Winner in 2019 of predecessor seat of Ochil and South Perthshire: John Nicolson (SNP)

FROM the perspective of many independence supporters, and indeed even some activists on the anti-independence left, there is quite simply no more important constituency in this election than the one that contains Grangemouth.

The forthcoming closure of Scotland’s only oil refinery, which is located in the town, will leave this country in the anomalous position of being a substantial oil producer which is entirely reliant on refineries beyond its borders – something which would arguably be unlikely to happen in an independent state.

It’s extremely timely, then, that the Boundary Commission have just created a constituency that actually includes the name Grangemouth for the first time since 1983.

Alloa and Grangemouth is arguably the most genuinely “new” constituency in Scotland, because unlike other constituencies with a new name, it isn’t recognisably just a rebranded version of a previous seat.

The largest portion of its population comes from the outgoing Ochil and South Perthshire constituency which was held by John Nicolson of the SNP, but only a small percentage of the vast geographical expanse of that constituency is being carried across.

Nevertheless Nicolson has identified Alloa and Grangemouth as the closest thing there is to a successor to his seat, and he will be the SNP candidate there.

The challenge before him could scarcely be more different from the one he faced in 2019, when he had to dislodge the sitting Tory MP Luke Graham.

Although the notional results from 2019 suggest the Tories would have been in a clear second place in the new constituency, that can be explained entirely by Labour’s historically poor result.

Alloa and Grangemouth contains relatively little territory that is naturally favourable for the Tories, and the seat would be essentially unwinnable for them even in a good year.

To put it mildly, 2024 is not a good year for the Conservative Party.

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So the only plausible threat to the SNP comes from Labour, but they start 36 percentage points behind Nicolson in the notional 2019 results. That means, assuming a uniform swing, that Labour would have to be around 10 points ahead of the SNP nationally if they are to win Alloa and Grangemouth.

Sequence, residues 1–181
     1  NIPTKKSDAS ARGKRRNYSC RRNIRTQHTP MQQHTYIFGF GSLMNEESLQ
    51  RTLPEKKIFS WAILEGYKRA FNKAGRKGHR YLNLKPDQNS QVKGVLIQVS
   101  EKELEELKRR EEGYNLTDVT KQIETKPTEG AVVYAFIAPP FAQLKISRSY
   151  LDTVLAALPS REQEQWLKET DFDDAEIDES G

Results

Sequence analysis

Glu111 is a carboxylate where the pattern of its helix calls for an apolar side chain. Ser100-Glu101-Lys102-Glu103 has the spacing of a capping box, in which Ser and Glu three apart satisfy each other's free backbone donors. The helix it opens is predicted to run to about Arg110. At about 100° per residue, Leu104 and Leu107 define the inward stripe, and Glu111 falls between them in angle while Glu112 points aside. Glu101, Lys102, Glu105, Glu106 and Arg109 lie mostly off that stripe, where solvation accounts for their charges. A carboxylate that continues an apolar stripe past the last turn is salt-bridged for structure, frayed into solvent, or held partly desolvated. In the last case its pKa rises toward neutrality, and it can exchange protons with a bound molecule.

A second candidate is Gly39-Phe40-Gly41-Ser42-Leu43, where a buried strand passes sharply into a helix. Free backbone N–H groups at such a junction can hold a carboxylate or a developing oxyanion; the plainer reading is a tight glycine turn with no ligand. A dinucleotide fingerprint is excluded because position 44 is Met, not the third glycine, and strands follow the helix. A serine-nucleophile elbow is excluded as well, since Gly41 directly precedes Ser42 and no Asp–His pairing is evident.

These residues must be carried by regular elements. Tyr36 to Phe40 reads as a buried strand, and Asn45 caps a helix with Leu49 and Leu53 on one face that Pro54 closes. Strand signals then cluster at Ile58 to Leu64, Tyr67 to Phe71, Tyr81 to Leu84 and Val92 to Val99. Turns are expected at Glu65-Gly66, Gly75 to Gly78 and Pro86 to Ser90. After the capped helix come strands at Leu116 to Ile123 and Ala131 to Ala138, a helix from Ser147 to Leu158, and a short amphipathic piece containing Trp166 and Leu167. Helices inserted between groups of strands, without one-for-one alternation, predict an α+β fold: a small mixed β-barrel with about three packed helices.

That’s not impossible, and there was one YouGov poll that showed exactly that scale of Labour lead, but the majority of polls have shown the SNP faring somewhat better than that.

Nicolson therefore has a golden opportunity to secure the welcome relief for the SNP of a key hold in central Scotland.

Ironically, the main stumbling block could come from the pro-independence side, because the Grangemouth issue has motivated other well-known Yes-supporting candidates to stand against Nicolson.

For the Alba Party, Grangemouth is one of the main campaigning topics, and consequently they have chosen one of their two sitting MPs, the former justice secretary Kenny MacAskill, to be their candidate in Alloa and Grangemouth.

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That strategy is not without a downside, because it means MacAskill (above) cannot defend his own East Lothian seat and thus Alba may squander a precious incumbency bonus there.

A further complication is that before MacAskill confirmed his candidacy, Alba’s former equalities convener Eva Comrie had already announced that she was standing in Alloa and Grangemouth as an independent.

Comrie was one of Alba’s most popular figures before she left the party earlier this year, meaning that any natural Alba support in the constituency is likely to be split.

Even with MacAskill’s status as a household name, it may be hard for him to build up enough of a head of steam to get into genuine contention, and thus the most telling effect of any pro-independence votes he takes could be to eat into SNP support and somewhat increase the danger of a Labour gain.